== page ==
Compositing Images in Photoshop

by Kailey LaValliere

For this blog post, I have created a screen capture video of an image I created using Photoshop. I get asked quite a bit how I put photos together from my human dog series, so I thought I would give people a look at my process.

It begins with my preplanning process. After deciding on a concept for the photo, I begin planning out details from location, wardrobe, lighting etc. The idea is to create a persona that the dog takes on through the actions of the human. It is important to think of everything when it comes to planning. Missing something means reshooting to get it right.

For this particular photo, I wanted to portray Daisy, the dog, doing yoga. I chose to shoot just after sunrise in open shade. I used a moonlight on a light-stand with a medium soft-box attached that was lighting the subject positioned camera left 45 degrees.

 I first start with photographing the human; in this case it was myself. Once I get the image of the human, I photograph the dog in the same exact spot using the same lighting. When photographing the dog, it is important to pay attention to pose because I want to be sure to make the image look realistic as possible. Some things I consider are the angle, the position of the dog’s neck and the position of the dog’s head. I also pay attention to the dog’s expression and to capture one that best matching the activity of the human. 

Once I capture the images, I organize and perform basic darkroom techniques in Lightroom before importing to Photoshop.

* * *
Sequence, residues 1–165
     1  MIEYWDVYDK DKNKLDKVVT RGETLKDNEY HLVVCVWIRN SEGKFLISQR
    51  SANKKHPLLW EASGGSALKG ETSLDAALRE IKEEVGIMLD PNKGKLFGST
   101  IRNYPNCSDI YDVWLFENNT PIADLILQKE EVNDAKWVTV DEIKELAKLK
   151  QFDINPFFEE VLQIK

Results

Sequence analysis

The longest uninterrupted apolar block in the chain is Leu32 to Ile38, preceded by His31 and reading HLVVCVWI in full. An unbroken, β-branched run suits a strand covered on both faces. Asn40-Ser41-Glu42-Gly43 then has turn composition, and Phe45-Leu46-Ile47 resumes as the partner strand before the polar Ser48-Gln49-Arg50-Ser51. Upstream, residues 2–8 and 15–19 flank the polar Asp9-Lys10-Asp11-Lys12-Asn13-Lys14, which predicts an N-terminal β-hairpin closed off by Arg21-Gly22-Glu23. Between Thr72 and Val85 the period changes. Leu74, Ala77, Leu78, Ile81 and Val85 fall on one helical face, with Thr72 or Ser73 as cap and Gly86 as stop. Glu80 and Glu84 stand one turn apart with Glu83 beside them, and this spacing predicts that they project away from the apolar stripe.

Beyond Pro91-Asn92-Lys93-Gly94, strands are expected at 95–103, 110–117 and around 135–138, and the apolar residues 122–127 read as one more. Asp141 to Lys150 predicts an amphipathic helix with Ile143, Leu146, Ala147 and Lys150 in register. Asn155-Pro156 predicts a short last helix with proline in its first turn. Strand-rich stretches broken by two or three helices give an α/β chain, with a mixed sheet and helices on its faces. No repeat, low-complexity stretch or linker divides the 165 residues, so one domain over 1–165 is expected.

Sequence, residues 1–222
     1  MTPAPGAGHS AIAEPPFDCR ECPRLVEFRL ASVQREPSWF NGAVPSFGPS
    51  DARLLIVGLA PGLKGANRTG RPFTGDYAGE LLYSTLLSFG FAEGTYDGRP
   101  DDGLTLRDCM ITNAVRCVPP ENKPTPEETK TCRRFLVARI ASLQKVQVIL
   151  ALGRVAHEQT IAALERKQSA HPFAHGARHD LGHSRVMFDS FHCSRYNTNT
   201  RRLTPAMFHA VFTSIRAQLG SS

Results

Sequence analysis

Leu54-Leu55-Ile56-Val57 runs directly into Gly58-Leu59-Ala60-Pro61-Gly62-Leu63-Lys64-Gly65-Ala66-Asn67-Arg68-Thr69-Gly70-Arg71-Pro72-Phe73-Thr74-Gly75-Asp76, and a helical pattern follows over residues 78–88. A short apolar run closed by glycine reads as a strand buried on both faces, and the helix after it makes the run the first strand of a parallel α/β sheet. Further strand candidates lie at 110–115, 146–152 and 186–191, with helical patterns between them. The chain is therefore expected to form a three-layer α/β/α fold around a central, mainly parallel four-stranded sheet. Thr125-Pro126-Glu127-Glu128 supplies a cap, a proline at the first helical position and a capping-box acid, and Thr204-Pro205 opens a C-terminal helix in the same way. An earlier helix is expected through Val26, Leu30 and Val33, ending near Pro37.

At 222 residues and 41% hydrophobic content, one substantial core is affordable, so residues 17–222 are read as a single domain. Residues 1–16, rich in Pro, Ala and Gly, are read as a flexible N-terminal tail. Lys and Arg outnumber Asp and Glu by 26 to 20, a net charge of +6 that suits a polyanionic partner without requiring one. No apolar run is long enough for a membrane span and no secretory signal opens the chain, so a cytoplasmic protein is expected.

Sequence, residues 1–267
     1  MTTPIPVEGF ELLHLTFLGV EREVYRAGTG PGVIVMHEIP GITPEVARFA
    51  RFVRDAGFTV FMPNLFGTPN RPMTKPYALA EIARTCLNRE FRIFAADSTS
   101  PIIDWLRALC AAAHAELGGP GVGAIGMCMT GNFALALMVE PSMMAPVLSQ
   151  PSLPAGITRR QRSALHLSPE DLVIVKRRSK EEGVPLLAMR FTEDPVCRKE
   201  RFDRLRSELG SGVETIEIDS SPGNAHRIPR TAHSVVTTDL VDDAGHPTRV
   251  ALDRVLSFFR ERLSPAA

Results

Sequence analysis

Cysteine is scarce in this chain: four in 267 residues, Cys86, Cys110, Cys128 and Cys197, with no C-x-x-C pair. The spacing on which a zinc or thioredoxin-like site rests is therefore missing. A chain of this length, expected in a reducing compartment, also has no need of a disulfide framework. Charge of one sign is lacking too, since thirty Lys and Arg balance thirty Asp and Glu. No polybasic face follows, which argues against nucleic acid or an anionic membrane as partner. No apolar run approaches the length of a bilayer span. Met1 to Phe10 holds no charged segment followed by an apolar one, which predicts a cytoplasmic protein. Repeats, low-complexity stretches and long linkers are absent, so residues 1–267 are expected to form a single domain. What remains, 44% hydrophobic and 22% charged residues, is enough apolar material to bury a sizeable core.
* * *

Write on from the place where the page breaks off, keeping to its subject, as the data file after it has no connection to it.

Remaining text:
edit start.png

The first step in Photoshop is removing the human’s head. I know, sounds gruesome but it is pretty painless. I usually use the patch tool to initially remove the head and fill the space with part of the background. I also use content-aware and the healing-brush tool to patch things up. My main concern is making the space that won’t be covered by the dog head look seamless. I don’t necessarily care about what will be covered by the dog head.

head removal.png

The second step in Photoshop is adding in the dog head. I drag the dog image on top of the human image and select a rough outline of the head and neck. I then use the “Refine edge” tool inside the “Select and mask” option to create an outline of the dog. The messier the hair, the more difficult it is to do this. Thankfully, this tool does a pretty good job most of the time.

Once I am satisfied with the selection, I load it with a layer mask so that I can continue editing it. I then start sizing the head to be proportionate to the body. This sometimes involves the “Puppet Warp” tool to adjust the head and neck. It is fairly easy to use; it just takes some playing around to get the idea of the tool.

puppet warp tool.png

Even though the “Refine Edge” tool did a good job selecting the hair on Daisy, I use a custom brush to further enhance her hair. I pay a lot of attention the neck area that meets the collar line of the shirt. I adjust settings within the brush such as “Scatter” and “Spacing,” to create a more realistic look.

brush panel.png
custom brush settings.png

Once I have the head and the human where I want it, I start to clean up the rest of the image. I don’t have the luxury of a full setup studio along with a crew and multiple lights; so I have to use my Photoshop skills to clean up the distracting elements. In this photo, there was a road in the background so I used the patch tool to remove it.

using patch tool.png

Once I remove distracting elements and the composited part of the image looks good, I perform color and lighting adjustments. I use layer masks whenever possible so that anything I do can be undone. I also try to name all layers because by the end, there are too many to keep track of.

layers panel.png

Each image is different and you have to be willing to experiment and play around. As you see in the video, sometimes I try something and it doesn’t work out. The good thing about working with layers and masks is that I can delete what I have done if I don’t like it.